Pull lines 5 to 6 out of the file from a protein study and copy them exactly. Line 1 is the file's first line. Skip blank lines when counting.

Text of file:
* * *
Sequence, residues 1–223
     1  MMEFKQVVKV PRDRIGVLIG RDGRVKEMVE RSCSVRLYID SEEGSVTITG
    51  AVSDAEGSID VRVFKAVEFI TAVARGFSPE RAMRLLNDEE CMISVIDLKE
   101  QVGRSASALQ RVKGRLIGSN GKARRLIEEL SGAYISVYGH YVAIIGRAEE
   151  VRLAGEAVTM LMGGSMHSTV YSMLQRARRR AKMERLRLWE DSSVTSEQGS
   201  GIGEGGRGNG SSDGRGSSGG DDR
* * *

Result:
   151  VRLAGEAVTM LMGGSMHSTV YSMLQRARRR AKMERLRLWE DSSVTSEQGS
   201  GIGEGGRGNG SSDGRGSSGG DDR